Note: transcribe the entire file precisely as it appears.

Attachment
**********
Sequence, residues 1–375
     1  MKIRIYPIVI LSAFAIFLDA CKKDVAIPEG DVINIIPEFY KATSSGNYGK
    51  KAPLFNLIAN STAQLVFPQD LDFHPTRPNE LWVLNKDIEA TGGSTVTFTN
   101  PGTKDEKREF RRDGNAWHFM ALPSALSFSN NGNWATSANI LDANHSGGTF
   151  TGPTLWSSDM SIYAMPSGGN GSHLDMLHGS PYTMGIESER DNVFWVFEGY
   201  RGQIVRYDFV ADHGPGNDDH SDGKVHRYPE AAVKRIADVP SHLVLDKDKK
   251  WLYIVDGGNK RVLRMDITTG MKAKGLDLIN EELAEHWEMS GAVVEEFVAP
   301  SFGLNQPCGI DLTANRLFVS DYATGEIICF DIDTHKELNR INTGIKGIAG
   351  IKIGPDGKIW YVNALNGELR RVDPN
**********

Sequence, residues 1–375
     1  MKIRIYPIVI LSAFAIFLDA CKKDVAIPEG DVINIIPEFY KATSSGNYGK
    51  KAPLFNLIAN STAQLVFPQD LDFHPTRPNE LWVLNKDIEA TGGSTVTFTN
   101  PGTKDEKREF RRDGNAWHFM ALPSALSFSN NGNWATSANI LDANHSGGTF
   151  TGPTLWSSDM SIYAMPSGGN GSHLDMLHGS PYTMGIESER DNVFWVFEGY
   201  RGQIVRYDFV ADHGPGNDDH SDGKVHRYPE AAVKRIADVP SHLVLDKDKK
   251  WLYIVDGGNK RVLRMDITTG MKAKGLDLIN EELAEHWEMS GAVVEEFVAP
   301  SFGLNQPCGI DLTANRLFVS DYATGEIICF DIDTHKELNR INTGIKGIAG
   351  IKIGPDGKIW YVNALNGELR RVDPN